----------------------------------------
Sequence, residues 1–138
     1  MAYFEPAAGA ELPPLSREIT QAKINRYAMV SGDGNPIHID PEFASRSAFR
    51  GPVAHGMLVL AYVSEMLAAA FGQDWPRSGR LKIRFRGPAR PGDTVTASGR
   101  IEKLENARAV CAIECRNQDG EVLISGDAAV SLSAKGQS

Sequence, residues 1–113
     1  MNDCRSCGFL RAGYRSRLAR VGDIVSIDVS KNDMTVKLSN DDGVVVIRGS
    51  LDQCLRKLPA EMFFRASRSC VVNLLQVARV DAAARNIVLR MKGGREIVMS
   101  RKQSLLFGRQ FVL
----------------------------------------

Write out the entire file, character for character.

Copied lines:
Sequence, residues 1–138
     1  MAYFEPAAGA ELPPLSREIT QAKINRYAMV SGDGNPIHID PEFASRSAFR
    51  GPVAHGMLVL AYVSEMLAAA FGQDWPRSGR LKIRFRGPAR PGDTVTASGR
   101  IEKLENARAV CAIECRNQDG EVLISGDAAV SLSAKGQS

Sequence, residues 1–113
     1  MNDCRSCGFL RAGYRSRLAR VGDIVSIDVS KNDMTVKLSN DDGVVVIRGS
    51  LDQCLRKLPA EMFFRASRSC VVNLLQVARV DAAARNIVLR MKGGREIVMS
   101  RKQSLLFGRQ FVL